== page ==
kitarist

Posts: 1710
Joined: Dec. 4 2012
 

RE: Classical/flamenco guitar scale ... (in reply to RobF

quote:

In other words, lowering the pitch might be kind of cooking the results as it’s changing the parameters of the strings.


I guess it depends on how you look at it. In your version the first component is kept that same as well, so if the perceived "as if higher tension" feel is due to the second component - associated with bending stiffness - then that effect should become very obvious (as the partially-compensating contribution from lower tension is not present).

As Ricardo said, the other way to feel "as if higher tension", even without capo involvement, is to just move the right hand a bit towards the saddle - this is utilizing the same bending stiffness concept where the distance to the fixed point (finger to saddle) becomes the important one.

BTW, this is why I get confused when people discuss what tension strings flamencos prefer without mentioning preferred right-hand position - even with low tension strings it could feel like high tension if the guitarist is playing fairly close to the bridge. I am not saying these two (high tension + given right-hand position vs. low tension + RH closer to saddle) are equivalent - the frequency profile of the sound would be different; but in terms of "tension feel" they might be the same. Does that make sense?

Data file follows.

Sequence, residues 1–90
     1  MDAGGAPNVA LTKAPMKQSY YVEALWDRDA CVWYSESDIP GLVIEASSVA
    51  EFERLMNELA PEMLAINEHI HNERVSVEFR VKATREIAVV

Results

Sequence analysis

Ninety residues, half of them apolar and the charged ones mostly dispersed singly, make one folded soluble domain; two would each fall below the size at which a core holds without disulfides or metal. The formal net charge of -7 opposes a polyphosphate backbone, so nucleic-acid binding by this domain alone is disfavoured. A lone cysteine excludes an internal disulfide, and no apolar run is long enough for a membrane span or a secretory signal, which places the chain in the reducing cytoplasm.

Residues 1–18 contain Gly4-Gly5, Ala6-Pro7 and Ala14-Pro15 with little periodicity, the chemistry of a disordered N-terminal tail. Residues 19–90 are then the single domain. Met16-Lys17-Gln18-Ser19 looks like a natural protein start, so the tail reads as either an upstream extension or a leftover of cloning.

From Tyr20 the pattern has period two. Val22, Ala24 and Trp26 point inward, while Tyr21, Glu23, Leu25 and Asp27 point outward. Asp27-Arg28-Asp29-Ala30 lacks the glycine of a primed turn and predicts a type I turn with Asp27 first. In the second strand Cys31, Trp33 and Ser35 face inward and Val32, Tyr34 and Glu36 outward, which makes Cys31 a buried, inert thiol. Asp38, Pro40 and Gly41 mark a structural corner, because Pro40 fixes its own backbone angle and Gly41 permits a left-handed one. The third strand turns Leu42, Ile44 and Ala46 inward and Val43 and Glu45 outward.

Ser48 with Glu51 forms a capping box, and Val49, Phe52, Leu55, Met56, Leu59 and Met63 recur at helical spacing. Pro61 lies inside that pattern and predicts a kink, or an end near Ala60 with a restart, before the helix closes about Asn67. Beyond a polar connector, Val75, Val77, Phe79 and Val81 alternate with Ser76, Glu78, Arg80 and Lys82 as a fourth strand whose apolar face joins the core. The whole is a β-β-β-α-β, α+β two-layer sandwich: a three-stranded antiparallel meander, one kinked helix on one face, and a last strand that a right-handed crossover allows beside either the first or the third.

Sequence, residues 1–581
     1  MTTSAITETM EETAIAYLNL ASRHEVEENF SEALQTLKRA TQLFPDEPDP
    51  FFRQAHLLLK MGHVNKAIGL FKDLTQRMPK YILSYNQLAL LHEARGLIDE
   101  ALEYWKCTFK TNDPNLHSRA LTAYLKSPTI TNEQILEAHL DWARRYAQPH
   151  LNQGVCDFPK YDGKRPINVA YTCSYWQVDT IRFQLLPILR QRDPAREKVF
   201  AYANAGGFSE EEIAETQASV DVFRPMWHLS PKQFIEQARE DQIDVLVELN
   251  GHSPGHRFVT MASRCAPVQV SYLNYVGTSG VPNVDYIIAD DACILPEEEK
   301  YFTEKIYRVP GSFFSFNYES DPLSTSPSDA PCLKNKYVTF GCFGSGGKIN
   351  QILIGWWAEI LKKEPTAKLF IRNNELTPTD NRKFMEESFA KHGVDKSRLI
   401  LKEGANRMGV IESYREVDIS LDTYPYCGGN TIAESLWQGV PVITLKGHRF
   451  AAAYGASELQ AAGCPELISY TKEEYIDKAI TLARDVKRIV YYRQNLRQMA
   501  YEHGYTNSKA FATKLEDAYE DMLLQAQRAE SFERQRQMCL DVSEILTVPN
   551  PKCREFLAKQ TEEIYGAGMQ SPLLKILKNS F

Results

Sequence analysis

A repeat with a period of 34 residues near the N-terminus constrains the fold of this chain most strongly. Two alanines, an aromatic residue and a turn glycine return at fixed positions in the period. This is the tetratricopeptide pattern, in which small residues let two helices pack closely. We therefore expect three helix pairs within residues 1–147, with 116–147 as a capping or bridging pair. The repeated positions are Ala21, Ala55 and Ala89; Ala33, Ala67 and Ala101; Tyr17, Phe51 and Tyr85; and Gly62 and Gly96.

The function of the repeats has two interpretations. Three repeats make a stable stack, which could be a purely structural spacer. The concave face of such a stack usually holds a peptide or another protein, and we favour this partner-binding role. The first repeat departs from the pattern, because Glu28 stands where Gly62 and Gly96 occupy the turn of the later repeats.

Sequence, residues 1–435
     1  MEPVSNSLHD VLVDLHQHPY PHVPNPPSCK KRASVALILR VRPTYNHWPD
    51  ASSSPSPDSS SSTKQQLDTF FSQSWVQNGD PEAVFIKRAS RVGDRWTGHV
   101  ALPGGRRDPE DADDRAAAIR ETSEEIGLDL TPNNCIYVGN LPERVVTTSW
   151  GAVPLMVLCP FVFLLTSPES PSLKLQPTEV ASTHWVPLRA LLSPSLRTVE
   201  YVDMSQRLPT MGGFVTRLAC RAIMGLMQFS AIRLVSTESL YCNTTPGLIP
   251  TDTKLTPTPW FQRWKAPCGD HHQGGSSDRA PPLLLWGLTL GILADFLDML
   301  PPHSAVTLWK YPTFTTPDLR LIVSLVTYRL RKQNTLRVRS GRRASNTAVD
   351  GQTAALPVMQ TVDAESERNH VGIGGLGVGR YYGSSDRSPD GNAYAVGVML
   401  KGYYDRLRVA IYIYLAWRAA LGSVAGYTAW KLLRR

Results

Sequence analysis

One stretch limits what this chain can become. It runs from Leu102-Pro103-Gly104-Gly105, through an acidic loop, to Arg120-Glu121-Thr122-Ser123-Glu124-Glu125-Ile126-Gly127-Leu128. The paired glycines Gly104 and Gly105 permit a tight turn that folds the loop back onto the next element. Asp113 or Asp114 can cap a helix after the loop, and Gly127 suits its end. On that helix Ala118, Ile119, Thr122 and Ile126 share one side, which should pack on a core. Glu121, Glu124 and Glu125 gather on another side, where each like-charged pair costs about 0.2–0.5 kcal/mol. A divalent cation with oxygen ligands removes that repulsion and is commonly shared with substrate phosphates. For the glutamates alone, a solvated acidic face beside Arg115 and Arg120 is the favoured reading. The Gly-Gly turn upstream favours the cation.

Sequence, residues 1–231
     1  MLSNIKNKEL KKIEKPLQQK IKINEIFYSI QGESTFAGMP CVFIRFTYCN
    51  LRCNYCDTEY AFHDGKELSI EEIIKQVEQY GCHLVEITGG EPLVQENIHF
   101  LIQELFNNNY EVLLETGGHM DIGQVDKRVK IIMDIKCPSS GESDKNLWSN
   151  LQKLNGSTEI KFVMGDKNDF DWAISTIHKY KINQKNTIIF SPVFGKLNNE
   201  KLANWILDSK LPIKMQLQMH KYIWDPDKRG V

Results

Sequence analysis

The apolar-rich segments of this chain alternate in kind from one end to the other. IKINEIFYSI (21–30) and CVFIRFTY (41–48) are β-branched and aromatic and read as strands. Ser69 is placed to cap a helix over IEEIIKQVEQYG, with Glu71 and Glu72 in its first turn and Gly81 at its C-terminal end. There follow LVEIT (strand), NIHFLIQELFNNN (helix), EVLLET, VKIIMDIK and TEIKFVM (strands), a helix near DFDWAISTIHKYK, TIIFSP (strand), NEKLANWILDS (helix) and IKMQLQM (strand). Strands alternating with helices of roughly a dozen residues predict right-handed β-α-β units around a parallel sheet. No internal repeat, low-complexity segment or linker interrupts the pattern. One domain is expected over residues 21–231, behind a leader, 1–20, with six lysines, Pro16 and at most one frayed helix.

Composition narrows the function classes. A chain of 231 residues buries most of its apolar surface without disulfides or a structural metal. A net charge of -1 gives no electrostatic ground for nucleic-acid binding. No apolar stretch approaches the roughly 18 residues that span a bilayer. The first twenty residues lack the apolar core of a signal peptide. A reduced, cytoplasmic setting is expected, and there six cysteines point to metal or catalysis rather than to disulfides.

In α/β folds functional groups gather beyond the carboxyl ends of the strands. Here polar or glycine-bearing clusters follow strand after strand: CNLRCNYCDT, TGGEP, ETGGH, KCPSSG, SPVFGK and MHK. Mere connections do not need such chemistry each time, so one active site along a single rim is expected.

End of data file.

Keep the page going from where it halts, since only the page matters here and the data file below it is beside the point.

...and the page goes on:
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  REPORT THIS POST AS INAPPROPRIATE |  Date Dec. 17 2021 6:30:27
 
Echi

 

Posts: 1108
Joined: Jan. 11 2013
 

RE: Classical/flamenco guitar scale ... (in reply to Ricardo

Pulsacion doesn’t refer just to how stiff the strings are (which is anyway slightly different in my 6 guitars with the same set of strings) but to how fast they come back to their position after the strike.
Obviously while in any case the strings feel stiffer towards the bridge, but the way this happens is quite different in my guitars.
For instance, all in all I like the pulsacion of my old Bellido and Ramirez the most. My 81 Conde has also a perfect kind of pulsacion for picado a and strumming but the first string is proportionally softer than it is in other guitars I own.
All my guitars have a similar set-up btw.